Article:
The Phanatic, Mike Trout and a Philly Dilemma For the Ages

The Phanatic, Mike Trout and a Philly Dilemma For the Ages

Last Thursday morning, the WIP Morning Show featured one of those deep, philosophical discussions that's long been synonymous with that show. Angelo asked the question that has dominated the sports discussion in Philadelphia, at the ballpark and at Memorial Day barbecues:

Would you trade the Phillie Phanatic for Mike Trout?

These are the questions that try men's souls. Obviously, we all want Trout. He's a 22-year-old outfielder who can do it all, on offense and defense. And even better, he's a hometown guy, who grew up in South Jersey, a mere 40 miles away from Citizen's Bank Park. Unfortunately, he's signed with the Angels until 2020, so we can't have him until then.

Unless, that is…. we surrender the big green guy.

Would you do it? Tempting as it is… I wouldn't. The Phanatic has two World Series rings, two more than Trout (and indeed, more than any Phillies player ever.) His contract is much more favorable. In all, the Phanatic is more indispensable than any player. Who's going to be the mascot in his place? Swoop? Phil E. Moose?

And worst of all, would you like to be the guy who has to tell the Phanatic he's going to Anaheim? I know I wouldn't.

In a trade for Trout, I'm willing to give up Ben Revere, John Mayberry, and possibly even Cody Asche. But not the Phanatic. No way.

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I know it's not entirely on him, but I can't help but vent my disappointment at Sam Hinkie, as the Sixers were only able to come up with the #3 pick in the NBA Draft Lottery. Clearly, they should have tanked more, or at least tanked smarter. Even worse, Hinkie once again refused to answer questions from the media after the lottery. Why can't Hinkie tell us, right now, who he's planning to draft? I think we're entitled as fans to that information.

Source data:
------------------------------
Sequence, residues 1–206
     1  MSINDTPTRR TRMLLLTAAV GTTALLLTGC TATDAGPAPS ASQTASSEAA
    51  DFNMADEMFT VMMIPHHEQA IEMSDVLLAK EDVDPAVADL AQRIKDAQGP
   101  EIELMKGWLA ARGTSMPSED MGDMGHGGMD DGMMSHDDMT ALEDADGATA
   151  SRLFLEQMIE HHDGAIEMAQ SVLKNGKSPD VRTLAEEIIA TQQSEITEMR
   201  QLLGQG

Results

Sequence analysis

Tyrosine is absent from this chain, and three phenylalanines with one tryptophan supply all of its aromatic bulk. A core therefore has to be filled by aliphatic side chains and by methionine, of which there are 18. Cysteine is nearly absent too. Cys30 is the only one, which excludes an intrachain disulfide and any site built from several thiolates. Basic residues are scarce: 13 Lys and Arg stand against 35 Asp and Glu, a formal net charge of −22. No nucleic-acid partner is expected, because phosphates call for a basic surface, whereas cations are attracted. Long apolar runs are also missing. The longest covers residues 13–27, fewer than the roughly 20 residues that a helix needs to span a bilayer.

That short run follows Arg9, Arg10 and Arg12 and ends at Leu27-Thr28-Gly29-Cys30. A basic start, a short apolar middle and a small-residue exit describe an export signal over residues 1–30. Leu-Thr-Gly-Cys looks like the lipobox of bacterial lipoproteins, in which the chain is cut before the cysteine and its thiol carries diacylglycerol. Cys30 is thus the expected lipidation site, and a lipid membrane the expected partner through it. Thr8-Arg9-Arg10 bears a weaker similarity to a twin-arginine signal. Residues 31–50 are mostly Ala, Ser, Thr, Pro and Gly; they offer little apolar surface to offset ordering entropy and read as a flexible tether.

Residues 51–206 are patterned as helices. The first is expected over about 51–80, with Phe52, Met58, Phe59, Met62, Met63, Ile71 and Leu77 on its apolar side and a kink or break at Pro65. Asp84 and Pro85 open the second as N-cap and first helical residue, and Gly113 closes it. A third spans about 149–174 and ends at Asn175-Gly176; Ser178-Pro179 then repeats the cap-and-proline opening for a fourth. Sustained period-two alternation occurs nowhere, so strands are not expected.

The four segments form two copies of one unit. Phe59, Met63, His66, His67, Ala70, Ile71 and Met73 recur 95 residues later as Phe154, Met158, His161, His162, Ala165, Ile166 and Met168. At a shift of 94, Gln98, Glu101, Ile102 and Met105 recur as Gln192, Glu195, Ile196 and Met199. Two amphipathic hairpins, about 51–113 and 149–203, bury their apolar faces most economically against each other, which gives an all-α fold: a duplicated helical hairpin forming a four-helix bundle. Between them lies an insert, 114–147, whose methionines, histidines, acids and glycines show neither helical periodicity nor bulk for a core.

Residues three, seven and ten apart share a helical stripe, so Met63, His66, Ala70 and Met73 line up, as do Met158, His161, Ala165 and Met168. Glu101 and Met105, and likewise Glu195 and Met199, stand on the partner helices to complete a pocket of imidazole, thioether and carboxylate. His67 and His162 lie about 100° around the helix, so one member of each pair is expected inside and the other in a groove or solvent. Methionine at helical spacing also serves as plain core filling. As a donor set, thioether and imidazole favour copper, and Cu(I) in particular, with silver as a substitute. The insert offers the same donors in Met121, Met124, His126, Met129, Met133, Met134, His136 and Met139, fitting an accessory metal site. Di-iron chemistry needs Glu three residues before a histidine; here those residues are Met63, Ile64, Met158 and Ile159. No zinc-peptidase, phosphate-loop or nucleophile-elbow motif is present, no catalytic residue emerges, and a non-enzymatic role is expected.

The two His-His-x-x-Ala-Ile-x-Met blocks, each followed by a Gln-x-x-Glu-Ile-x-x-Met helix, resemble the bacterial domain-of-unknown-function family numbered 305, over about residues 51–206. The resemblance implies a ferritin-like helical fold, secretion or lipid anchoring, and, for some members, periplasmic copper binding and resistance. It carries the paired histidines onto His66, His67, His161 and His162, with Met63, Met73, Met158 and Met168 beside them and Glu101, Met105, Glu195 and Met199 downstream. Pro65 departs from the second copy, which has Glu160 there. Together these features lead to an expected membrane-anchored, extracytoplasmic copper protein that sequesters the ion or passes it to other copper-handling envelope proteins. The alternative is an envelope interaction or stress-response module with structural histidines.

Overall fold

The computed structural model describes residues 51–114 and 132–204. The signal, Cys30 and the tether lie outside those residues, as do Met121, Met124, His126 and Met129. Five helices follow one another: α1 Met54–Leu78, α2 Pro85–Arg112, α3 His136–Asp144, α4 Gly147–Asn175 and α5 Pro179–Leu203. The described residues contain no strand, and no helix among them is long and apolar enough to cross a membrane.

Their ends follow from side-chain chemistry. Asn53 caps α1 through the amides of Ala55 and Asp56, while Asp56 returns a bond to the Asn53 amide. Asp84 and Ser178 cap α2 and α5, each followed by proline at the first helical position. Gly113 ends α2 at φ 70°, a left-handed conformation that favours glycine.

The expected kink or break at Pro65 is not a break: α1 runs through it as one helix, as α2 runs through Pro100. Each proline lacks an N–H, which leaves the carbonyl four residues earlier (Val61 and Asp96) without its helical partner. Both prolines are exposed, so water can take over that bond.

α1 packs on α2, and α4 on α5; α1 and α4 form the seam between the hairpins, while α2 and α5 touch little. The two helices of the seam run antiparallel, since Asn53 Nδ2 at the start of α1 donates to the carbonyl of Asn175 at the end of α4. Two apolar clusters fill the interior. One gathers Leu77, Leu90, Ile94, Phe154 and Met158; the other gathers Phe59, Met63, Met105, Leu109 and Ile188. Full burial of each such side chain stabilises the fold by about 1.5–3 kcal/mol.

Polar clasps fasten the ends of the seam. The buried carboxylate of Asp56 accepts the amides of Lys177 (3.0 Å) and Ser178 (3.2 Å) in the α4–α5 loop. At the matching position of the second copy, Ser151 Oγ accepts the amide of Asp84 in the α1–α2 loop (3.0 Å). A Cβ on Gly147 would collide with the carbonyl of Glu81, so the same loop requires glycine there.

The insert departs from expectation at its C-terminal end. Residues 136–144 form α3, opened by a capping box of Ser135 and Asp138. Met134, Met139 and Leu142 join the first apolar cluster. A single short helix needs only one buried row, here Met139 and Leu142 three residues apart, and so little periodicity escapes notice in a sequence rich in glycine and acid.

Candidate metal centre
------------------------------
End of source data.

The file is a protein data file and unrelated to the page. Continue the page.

You know why we got #3? Because the Sixers sent Dr. J, and not Allen Iverson, to represent them. The last time the Sixers got the #1 pick? It was Iverson. Plus, the after-party would have been way more fun.

I'm not sure who the Sixers will draft, but I think it's up to us fans to help them make their choice. So some of us- 30 or so- should get a bus up to New York, go to the draft, and sort of nudge the Sixers in the right direction. I see no downside to doing this.

Anyway, Charles Barkley said this week that he plans to retire from TV in two years and wants to be a GM. Do the right thing, Sixers- fire Hinkie, hire Barkley. Because at least you know he'll talk to the media.